Article - Rakkamma Kayya Thattu - Thalapathi
The biggest success of Ilaiyaraaja as a composer I would say is that,
his songs are so appealing to a lay man captivating him so much yet
being musically so rich and challenging. As a music director of a film,
he has a commitment to the director and the producer to make their
movie a big hit, yet at the same time in his own words
Music is not my Occupation; but my breath
So he quenches out his musical thirst
through the songs that he composes for them. What results are dazzling
tunes that captivate the common audience and at the same time can be
given as a ' Study for Violin' to the students of Trinity college of
Music for their graduation.
"Rakkama Kaiya thattu" is one such song! The song thou' is composed
for a situation which is not challenging at all for a man of Raaja's
caliber. The hero of the movie (Rajnikanth) is the Indian version of
the God-father. If I remember correctly, this song comes soon after
the movie begins, apparently for no reason where the hero chills out
along with the crowd celebrating his success of beating a local
gangster (Ramana) to death...
But one good indication that would
have given by the director of the movie (ManiRatnam) to Raaja is
that, "I want this song to be the 'Magnum opus' for the movie"..
Raaja surpassed director's expectations in giving grandeur feel to the song....
There are some songs of Raaja in which its not the melody, its not
the rhythm, its not the singer who stands out in that song.. It's the
instruments or in other words the Orchestration, which leaves a punch.
As I said even a common man can feel the grandness and vast depth that
the collective group of instruments brings in to the song..
Listen to this song and you don't need to take a second opinion.
The scale selection of the song is very tricky... I'll later explain why...
Still you can say its composed in Am; Choosing the scale in such a way so
that the singers can reach the 'Mel sthaai' (High pitches) passages easily
to give a victorious appeal to the song. The prelude of the song says it
all.... The exhilaration of the composition can be just felt in the prelude.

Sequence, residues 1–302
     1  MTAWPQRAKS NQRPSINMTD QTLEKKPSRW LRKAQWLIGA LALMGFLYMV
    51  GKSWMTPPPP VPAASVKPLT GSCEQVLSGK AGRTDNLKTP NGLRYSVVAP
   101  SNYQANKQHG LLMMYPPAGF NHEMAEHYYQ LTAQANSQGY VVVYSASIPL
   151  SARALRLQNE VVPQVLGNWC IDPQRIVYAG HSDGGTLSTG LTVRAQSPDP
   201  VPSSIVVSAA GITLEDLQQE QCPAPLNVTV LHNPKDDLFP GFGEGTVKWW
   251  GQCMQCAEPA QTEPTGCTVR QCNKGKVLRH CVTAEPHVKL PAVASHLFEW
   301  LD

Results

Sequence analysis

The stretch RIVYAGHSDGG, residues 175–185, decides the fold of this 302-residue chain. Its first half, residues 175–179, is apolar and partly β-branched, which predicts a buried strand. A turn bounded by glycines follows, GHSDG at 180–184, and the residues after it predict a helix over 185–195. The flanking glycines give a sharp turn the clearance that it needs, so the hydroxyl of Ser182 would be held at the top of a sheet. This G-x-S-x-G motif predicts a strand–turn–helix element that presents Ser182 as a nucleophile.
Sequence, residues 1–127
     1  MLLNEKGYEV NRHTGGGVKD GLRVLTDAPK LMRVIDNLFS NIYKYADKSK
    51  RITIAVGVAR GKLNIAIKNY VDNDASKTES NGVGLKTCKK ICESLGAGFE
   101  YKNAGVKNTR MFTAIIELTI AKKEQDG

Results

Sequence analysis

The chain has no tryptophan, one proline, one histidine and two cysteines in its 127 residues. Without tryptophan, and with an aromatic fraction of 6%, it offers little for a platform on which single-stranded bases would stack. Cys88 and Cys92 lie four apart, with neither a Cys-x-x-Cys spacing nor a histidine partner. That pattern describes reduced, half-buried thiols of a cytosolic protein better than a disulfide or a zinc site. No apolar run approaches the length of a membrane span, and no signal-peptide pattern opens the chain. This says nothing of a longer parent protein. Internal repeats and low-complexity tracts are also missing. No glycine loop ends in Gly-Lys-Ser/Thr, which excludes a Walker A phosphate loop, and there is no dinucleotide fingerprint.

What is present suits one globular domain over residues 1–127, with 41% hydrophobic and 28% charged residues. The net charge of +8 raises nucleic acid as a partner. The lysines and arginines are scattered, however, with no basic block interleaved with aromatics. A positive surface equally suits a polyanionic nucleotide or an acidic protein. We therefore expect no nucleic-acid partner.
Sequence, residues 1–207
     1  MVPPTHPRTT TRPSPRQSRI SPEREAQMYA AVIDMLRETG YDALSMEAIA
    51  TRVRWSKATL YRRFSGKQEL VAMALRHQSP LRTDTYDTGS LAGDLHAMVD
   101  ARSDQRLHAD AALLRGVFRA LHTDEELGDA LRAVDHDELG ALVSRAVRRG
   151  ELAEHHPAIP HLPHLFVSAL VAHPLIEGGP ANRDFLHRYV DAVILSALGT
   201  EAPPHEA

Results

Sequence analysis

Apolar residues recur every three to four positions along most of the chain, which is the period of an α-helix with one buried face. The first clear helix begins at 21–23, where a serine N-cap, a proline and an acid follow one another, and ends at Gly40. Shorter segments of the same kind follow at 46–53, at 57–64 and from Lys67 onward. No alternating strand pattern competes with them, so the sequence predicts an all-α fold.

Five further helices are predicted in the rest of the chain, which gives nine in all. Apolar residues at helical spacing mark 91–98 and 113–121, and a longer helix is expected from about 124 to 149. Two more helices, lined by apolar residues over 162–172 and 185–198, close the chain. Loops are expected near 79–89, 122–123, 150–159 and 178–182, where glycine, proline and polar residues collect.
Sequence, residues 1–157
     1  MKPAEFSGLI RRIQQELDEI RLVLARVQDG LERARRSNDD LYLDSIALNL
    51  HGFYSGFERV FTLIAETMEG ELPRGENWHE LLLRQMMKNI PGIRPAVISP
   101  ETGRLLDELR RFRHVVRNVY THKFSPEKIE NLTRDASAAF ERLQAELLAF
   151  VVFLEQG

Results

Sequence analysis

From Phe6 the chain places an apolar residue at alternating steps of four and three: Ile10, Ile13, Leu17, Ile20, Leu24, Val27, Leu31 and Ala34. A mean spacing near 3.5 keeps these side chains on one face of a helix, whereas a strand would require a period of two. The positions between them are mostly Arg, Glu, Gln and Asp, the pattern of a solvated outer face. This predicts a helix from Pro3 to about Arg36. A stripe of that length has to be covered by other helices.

A duo violin just starts like a spark, which soon spreads to a forest fire
as the mind-boggling string ensemble backings unwinds...
From a catchy
start the song soon gets to a crescendo and finishes in a real grand note...
Thou' the song starts in A major, the strings section soon elevate the
prelude to the equivalent minor.... But the surprise is still to come
when SP Bala starts singing.. Its neither the major or the minor of A....
There is a sudden tonal shift by 2 notes and SPB starts Rakkama in G major!!!
Still it doesn't sound out of scale.. Why and how?????? I'll explain it
later in the article..
As the song progresses, The gap between two lines of the melody are bridged
by the Duo-violin in a very novel way.. Alternatively Raaja uses choir instead
of violin, a trick that he seem to cherishing in many songs of his.
The pallavi (Or the main melody) ends in a foot-tapping 'Changu chakku chachakku
chakku' chorus... The interludes of songs are benchmarks for orchestration..
In fact the prelude and the interludes of this song can not be categorized as
Indian Light-music for their disciplined orchestration.
Both the interludes are of fast movements.
Especially the backings of tremolo
strings in the first interlude and a brief passage by a set of clarinets in
the second. The usage of Cello, double bass and Tympanum to get a combined
orch-hit effect is simply astounding. However the stanzas of the song can
be called Light music for their Indianized rhythm (May be Raaja's formula to
make it appeal to the lay man??) As the song symbolizes hero's success,
you may notice that in both the stanzas, the passages where the tune reaches
its top note echoing his victory is sung by SPB. Thus I must say SP gains
a edge over Swarnalatha as the vocalist but primarily because he sings for
the hero. Nonetheless Swarnalatha has done her job flawless.
The climax of the song is the highlight of the composition. There is a small
situation change occurs now.. While the mass celebrates the success, there is
another kind of festival going on in the neighborhood celebrated by a group